There’s a big 2016 review in The Lancet on open access here. A more recent review and meta-analysis is here. These seem to me to support the need for StaREE. Atorvastatin, the cholesterol-lowering drug under study seems safe and effective, while being cheap and widely-known. But most research to date has focussed on folks who have already had some cardiac event, or have high risk factors. There is need for evidence specifically about its possible value for healthy older folks.

My Experience So Far

Of course I first read all that the StaREE website had to offer, and what’s public in the registration of the trial at and (more or less the same information) the Australian New Zealand Clinical Trials Registry.

I have asked the researchers for any further information they can give me, including information on:

  • how the sample size of 10,000 was chosen
  • the extent to which the full data and analysis scripts will be open, i.e. on public access
  • further details of the data analysis planned, beyond the long list of measures included in the registration (these first 3 dot points are about Open Science good practice)
  • details of how the safety committee is to operate and, in particular, what criteria will it use if it decides the trial should be stopped. (Such a committee is independent of the researchers and sees progressive results, without blinding, so can monitor any emerging trends that the therapy is clearly way better, or worse, than placebo. What evidence would lead it to stop the trial?)
  • budget

No reply yet–I may report further if I find out more.

At my first appointment a nurse trained in the StaREE protocols explained everything in very simple terms. I signed, including agreement that the researchers could have full access to my medical records, past present and future. I did some cognitive tests, mainly of memory. (One of the aims is to assess the extent dementia risk might be reduced by the medication.) Then I started the one-month lead-in period, during which I had to take a tablet every day. This was stated to be placebo, despite one of the reviews (links above) arguing that it’s more informative to use the active tablets for all participants during the lead-in. There was a long questionnaire about my medical history, and a blood test, including cholesterol, was ordered.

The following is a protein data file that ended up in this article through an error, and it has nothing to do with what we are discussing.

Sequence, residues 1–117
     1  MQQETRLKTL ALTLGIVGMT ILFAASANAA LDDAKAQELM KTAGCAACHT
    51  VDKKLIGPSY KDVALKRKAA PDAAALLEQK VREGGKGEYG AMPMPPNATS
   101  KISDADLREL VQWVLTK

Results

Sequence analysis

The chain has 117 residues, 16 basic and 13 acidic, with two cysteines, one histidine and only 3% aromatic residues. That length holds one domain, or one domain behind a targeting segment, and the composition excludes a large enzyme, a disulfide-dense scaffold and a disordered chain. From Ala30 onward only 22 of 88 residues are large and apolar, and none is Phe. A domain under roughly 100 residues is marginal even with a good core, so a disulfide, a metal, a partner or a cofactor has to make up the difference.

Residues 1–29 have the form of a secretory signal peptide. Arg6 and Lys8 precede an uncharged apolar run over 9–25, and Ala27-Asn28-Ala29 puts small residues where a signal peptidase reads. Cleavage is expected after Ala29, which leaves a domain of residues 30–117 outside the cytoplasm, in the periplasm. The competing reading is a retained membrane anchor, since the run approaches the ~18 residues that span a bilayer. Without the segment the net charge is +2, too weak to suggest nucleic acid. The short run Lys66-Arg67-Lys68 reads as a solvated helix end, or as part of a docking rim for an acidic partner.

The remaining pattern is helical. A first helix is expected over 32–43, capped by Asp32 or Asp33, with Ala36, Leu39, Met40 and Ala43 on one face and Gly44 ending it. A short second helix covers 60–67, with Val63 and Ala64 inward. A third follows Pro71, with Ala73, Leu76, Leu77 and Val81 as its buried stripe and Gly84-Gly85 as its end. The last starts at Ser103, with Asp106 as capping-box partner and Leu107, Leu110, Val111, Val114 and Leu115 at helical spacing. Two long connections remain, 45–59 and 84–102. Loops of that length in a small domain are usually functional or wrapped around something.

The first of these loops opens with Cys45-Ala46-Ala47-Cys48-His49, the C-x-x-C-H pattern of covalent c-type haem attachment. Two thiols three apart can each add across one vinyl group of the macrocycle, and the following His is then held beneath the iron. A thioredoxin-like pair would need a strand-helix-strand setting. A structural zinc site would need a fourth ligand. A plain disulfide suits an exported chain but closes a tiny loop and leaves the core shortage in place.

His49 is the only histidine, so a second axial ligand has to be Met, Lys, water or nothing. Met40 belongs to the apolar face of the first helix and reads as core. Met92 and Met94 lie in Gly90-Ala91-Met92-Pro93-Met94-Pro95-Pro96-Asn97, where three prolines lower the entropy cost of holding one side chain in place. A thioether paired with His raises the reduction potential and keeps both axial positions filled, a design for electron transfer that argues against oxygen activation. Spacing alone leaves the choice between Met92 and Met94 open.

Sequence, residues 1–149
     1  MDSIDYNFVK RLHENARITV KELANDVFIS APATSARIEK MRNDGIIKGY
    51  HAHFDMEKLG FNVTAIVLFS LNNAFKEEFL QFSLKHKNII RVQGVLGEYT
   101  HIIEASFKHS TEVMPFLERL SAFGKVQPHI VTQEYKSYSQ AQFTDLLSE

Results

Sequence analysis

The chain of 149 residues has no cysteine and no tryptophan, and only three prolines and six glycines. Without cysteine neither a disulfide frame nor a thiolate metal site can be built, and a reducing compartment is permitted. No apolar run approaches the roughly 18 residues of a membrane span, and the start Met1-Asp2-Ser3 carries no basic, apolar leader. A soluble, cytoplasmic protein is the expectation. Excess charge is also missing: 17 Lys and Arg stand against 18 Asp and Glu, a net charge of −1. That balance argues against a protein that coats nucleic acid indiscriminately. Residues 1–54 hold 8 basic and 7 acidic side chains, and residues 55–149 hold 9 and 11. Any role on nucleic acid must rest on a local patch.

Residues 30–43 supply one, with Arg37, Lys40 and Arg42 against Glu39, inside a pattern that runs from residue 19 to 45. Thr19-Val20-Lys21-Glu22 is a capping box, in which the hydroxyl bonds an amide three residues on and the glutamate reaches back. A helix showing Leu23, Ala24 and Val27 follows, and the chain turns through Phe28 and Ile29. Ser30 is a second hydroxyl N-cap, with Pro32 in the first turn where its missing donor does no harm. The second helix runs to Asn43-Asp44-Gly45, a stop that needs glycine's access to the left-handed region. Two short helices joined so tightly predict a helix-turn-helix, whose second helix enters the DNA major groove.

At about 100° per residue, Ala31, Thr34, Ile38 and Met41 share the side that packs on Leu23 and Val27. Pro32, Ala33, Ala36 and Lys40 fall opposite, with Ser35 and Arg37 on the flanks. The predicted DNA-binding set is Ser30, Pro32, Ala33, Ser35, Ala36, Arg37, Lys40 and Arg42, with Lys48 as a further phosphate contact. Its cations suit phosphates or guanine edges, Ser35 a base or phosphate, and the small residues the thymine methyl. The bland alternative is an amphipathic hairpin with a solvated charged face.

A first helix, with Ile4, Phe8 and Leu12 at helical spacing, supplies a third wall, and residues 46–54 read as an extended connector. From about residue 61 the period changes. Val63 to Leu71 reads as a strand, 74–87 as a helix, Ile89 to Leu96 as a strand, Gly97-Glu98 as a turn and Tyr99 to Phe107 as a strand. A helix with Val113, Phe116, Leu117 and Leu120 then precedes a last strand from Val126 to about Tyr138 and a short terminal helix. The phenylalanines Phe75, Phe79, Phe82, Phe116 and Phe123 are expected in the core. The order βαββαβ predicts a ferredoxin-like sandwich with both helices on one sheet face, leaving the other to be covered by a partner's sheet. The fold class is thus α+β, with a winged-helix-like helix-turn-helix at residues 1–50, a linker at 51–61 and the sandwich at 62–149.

Then I needed to see my regular doctor, who shared with me the blood test results. My LDL (‘bad’ cholesterol) and HDL (‘good’ cholesterol) levels were well within the normal range, as I expected. She signed to say that none of the StaREE exclusion criteria applied to me and that I could join the trial.

It was made clear that my own health care is first priority, so my doctor can, if she judges it necessary, be unblinded and perhaps advise me to leave the trial. Of course it should work that way, but that’s just one more complication for the researchers.

At my second appointment there were more cognitive tests. Quite amusing, given that I was familiar with some, having taught about them way back. Even so, it’s not so easy to remember the long list of words at first go, and to minimise Stroop interference while quickly reading out the ink colour of incongruent colour words. (Say ‘RED’ on seeing BLUE in red ink.)

Then the big pack of my tablets arrived in the post and I confirmed online that I was starting. One more thing to remember when packing for any travels, even overnight.

Blinding–but perhaps not of participants

According to the registration, the blinding (actually referred to as ‘masking’) is: “Quadruple (Participant, Care Provider, Investigator, Outcomes Assessor)”. Excellent. At present I’m blinded, but at any stage my doctor might order a blood test, including for cholesterol. A distinct drop in my LDL (and perhaps a boost to my HDL) would strongly suggest that I’m on the statin medication. I would, in effect, be unblinded.

I’ve also read about, and had anecdotal reports of small changes that can sometimes be felt when starting statins–call them minor, short-lived side-effects. These might also unblind a participant, although of course anyone aware of such possibilities might judge them to occur when actually starting placebo!